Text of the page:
The host of the event, Prime Minister Recep Tayyip Erdogan of Turkey, emphasized the symbolic importance of holding it in Istanbul, which bridges East and West and is the leading city in a predominantly Muslim country taking steps to join the European Union." ...

Sebnem Arsu "World Leaders Release Plan for Resolving East-West Rift" New York Times November 14, 2006


"Tomorrow the English-language news channel of Arab TV station Al Jazeera starts broadcasting. With four studios around the world, and presenters including Sir David Frost, Dave Marash and Darren Jordon the new service has summarised its ambitious plans as ‘building a bridge between cultures’ and ‘a forum for the West to speak to the Muslim world’. Impressive sounding rhetoric, but it is worth telling the story of how a 17th century scholar achieved exactly these aims using music instead of satellite broadcasts.

Wojciech Bobowski was born a Pole in 1610 in Lwów, then part of the Polish-Lithuanian Commonwealth and now part of the Ukraine. He was raised as a Protestant and trained as a church musician. These were times of great instability, with Lwów suffering frequent raids from Crimean Tartars. In one of these the eighteen year old Bobowski was taken prisoner by the Tartars, and his musical training meant he was sold to the court of Mehmed IV in Constantinople, whose reign saw the first flowering of Ottoman-Turkish music. Bobowski was a particularly valuable property as his enslavement in the sultan’s seraglio coincided with the growth of Calvinoturcism, a religious movement which is now forgotten, but interestingly stressed the common elements of Islam and Protestantism in opposition to the Catholicism of the Habsburg Empire.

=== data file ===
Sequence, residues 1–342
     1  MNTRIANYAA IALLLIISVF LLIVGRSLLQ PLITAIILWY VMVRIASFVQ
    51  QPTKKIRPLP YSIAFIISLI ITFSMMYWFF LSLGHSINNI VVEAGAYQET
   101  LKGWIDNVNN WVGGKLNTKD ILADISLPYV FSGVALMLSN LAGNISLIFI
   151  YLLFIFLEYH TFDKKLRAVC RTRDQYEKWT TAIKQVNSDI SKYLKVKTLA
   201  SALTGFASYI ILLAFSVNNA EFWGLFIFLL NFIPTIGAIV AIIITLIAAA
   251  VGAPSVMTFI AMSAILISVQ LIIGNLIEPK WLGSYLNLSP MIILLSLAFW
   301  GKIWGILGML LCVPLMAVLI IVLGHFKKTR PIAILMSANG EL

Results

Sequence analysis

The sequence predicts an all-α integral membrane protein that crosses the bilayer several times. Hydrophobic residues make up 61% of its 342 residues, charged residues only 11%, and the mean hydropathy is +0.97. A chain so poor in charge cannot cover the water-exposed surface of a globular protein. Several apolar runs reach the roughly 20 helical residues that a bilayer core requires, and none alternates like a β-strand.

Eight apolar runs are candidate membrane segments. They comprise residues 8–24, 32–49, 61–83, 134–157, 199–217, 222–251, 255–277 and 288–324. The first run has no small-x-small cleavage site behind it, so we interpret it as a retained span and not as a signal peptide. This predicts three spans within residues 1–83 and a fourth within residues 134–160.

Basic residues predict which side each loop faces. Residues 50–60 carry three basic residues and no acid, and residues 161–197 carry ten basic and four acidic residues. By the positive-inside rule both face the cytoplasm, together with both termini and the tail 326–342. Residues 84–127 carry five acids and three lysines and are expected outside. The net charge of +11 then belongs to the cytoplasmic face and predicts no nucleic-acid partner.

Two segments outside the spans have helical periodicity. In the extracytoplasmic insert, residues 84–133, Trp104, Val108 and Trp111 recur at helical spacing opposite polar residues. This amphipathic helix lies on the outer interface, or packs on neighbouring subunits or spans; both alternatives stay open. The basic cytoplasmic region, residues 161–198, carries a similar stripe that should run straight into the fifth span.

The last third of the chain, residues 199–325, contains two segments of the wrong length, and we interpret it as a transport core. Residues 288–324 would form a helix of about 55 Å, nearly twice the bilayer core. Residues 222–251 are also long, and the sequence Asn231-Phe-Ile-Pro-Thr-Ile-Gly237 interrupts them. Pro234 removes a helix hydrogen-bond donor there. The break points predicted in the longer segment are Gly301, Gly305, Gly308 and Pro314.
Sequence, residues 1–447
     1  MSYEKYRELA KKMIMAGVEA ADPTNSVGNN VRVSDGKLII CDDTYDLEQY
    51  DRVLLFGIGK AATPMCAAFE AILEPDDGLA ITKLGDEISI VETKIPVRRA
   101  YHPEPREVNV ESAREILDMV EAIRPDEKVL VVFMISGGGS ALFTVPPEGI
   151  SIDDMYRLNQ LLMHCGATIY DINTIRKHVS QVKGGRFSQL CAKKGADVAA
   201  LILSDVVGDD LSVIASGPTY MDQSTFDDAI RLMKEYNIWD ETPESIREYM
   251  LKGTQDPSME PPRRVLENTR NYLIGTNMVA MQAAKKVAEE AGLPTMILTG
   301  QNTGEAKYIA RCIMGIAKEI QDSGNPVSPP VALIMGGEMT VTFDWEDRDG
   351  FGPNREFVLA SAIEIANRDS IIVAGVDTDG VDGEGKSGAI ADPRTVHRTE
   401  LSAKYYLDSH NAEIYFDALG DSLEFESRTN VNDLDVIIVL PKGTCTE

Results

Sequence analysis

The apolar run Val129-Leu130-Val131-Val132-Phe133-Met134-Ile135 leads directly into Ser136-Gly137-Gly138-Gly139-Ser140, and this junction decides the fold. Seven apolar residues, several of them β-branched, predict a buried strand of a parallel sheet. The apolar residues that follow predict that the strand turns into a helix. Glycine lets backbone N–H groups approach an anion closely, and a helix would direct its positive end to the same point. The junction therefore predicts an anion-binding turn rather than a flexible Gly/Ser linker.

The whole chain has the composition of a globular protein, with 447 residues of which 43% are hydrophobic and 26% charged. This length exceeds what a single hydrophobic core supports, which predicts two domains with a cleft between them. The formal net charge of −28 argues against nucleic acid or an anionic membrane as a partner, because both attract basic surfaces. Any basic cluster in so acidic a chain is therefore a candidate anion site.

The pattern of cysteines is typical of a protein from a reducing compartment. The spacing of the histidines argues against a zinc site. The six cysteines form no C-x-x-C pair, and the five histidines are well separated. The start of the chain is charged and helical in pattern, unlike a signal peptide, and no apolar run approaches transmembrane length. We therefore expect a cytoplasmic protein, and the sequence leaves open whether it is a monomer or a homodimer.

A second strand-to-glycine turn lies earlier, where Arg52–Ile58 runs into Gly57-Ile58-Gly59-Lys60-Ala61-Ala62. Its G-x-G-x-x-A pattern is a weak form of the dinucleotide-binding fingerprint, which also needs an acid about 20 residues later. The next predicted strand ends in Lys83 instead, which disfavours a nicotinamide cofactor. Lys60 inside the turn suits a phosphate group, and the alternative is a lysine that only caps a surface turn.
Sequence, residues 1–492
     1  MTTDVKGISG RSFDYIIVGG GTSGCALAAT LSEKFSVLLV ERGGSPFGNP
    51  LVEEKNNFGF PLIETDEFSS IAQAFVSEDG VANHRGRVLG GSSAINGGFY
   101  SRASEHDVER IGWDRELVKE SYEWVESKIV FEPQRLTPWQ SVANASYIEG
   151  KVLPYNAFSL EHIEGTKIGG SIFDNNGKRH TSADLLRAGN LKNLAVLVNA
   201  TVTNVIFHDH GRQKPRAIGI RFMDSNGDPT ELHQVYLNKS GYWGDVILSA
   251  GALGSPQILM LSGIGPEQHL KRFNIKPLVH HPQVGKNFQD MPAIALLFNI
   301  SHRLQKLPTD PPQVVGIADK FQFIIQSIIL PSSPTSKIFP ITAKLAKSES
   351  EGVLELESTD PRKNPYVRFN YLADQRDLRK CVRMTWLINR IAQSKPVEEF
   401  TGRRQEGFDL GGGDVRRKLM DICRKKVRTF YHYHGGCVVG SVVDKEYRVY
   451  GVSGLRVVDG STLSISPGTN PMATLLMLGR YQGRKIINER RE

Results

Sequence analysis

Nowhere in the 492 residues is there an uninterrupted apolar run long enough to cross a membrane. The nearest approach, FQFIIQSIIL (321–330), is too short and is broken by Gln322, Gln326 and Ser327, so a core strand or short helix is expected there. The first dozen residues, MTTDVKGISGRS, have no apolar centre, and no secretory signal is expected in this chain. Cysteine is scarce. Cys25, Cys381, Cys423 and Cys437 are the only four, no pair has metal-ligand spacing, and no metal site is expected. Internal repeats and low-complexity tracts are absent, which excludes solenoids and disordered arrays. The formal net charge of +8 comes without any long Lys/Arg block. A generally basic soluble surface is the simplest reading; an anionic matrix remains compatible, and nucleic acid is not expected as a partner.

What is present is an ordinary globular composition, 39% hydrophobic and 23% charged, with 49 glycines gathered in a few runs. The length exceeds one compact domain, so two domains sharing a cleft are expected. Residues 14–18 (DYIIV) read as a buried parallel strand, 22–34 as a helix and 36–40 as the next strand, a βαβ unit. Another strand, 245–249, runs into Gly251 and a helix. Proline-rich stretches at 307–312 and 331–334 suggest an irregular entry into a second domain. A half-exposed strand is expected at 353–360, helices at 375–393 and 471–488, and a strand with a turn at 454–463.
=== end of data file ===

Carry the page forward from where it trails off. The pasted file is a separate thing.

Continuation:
The sultan (portrait below) provided an excellent education for Bobowski, with the result was that the Pole converted to Islam and took the name Ali Ufki. He learnt fourteen languages including Arabic, French, Greek, Hebrew and Latin, translated the Anglican catechism and Bible into the Ottoman, and wrote a Latin explanation of Islam. But today he is remembered primarily for his music" ...